National Geographic Photographer to Share Passion For Nature
National Geographic Magazine wildlife photographer and Nebraska-native Joel Sartore will turn his lens on his audience at a Nebraska Wesleyan University lecture where he will sound a warning bell for protecting North America’s most endangered species.
Joel Sartore will deliver his lecture, “Witnessing Change: A Call For Action,” on Friday, March 26 at 2 p.m. in Olin B Lecture Hall. His lecture is part of Nebraska Wesleyan University and First United Methodist Church’s annual Mattingly Lecture and Peacemaking Workshop: “Caring For Your Local Planet.”
At 7 p.m. Sartore will present “Grounded: A Reflection on the Use of Life and Land,” which will include his personal story of how his wife’s illness reconnected him with his family and with the reason he takes photos: to show people that wild places and earth’s creatures need and deserve protection. His evening lecture will be held in the sanctuary in First United Methodist Church, 50th Street and St. Paul Ave.
In his time with National Geographic, Sartore has focused on endangered species and land use issues. He is co-founder of the Grassland Foundation and a founding member of the International League of Conservation Photographers. Besides his work for National Geographic, Sartore has also completed assignments for Time, Life, Newsweek, Sports Illustrated and contributed to numerous book projects. He is also a regular contributor on the CBS Sunday Morning Show with Charles Osgood.
Sartore has worked everywhere from the high Arctic to the Antarctic, including every state in the U.S. and 25 countries.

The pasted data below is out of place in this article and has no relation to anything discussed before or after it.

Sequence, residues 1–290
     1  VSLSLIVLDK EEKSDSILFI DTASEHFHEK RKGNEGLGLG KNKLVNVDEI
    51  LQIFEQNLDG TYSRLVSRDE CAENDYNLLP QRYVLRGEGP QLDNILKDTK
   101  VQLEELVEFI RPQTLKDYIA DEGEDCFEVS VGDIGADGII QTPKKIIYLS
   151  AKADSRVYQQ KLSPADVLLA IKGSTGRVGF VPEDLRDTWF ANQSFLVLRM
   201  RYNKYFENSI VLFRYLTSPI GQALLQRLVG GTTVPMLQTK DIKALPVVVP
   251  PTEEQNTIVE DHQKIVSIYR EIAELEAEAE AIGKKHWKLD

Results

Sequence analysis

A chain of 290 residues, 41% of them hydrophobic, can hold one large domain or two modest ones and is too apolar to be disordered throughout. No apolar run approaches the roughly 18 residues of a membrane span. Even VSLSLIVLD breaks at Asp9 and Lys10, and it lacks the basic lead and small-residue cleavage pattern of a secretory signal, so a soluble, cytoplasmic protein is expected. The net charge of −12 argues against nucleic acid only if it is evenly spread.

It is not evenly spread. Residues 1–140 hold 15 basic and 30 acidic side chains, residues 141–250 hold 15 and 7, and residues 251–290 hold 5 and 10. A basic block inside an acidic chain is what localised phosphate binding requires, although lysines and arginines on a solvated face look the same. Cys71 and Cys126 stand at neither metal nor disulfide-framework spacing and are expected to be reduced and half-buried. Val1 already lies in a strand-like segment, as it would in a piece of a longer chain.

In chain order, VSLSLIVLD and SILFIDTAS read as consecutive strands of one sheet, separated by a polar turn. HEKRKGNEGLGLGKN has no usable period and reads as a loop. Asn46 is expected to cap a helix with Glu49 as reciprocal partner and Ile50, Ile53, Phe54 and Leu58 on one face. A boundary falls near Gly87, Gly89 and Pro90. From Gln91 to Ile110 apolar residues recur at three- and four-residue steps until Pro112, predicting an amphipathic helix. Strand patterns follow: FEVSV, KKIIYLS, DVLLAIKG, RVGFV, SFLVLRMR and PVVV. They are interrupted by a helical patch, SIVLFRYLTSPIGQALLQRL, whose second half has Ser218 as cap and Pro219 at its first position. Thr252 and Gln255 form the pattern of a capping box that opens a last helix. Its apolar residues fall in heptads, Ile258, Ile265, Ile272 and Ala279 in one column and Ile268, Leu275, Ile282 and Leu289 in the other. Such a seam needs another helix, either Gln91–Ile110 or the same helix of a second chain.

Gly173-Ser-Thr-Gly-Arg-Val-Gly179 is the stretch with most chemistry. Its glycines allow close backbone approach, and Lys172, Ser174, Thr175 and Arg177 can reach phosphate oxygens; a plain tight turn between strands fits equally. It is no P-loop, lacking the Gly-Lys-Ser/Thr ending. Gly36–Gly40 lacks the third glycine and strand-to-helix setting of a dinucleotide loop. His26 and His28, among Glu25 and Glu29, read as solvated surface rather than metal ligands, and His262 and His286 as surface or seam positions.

His lectures are free and open to the public.
In addition to the lectures, the Peacemaking Workshop will include a photography display by area amateur photographers. The display will be available on March 26 at First United Methodist Church.
On Saturday, March 27, the Peacemaking Workshop continues with a panel discussion featuring Barbara Hipple, Mission and Outreach Coordinator for Homestead Presbytery; Carol Windrum, Director of Risk-taking Mission & Justice of the Nebraska United Methodist Conference; Chris Blake, Associate Professor of English and Sponsor of the Union College Chapter of Amnesty International; and Mitch Paine, Sustainability Policy Intern for Lincoln Mayor Chris Beutler's "Cleaner Greener Lincoln Program." The Peacemaking Workshop will be held at East Lincoln Christian Church, 7001 Edenton Road in Lincoln and will begin with refreshments and fellowship at 8:30 a.m. The panel discussion will begin at 9 a.m., followed by small group discussions and a wrap-up session which will end at 11:30 a.m. It is free and open to the public.
Translations are literal. NWU is not responsible for translation accuracy.
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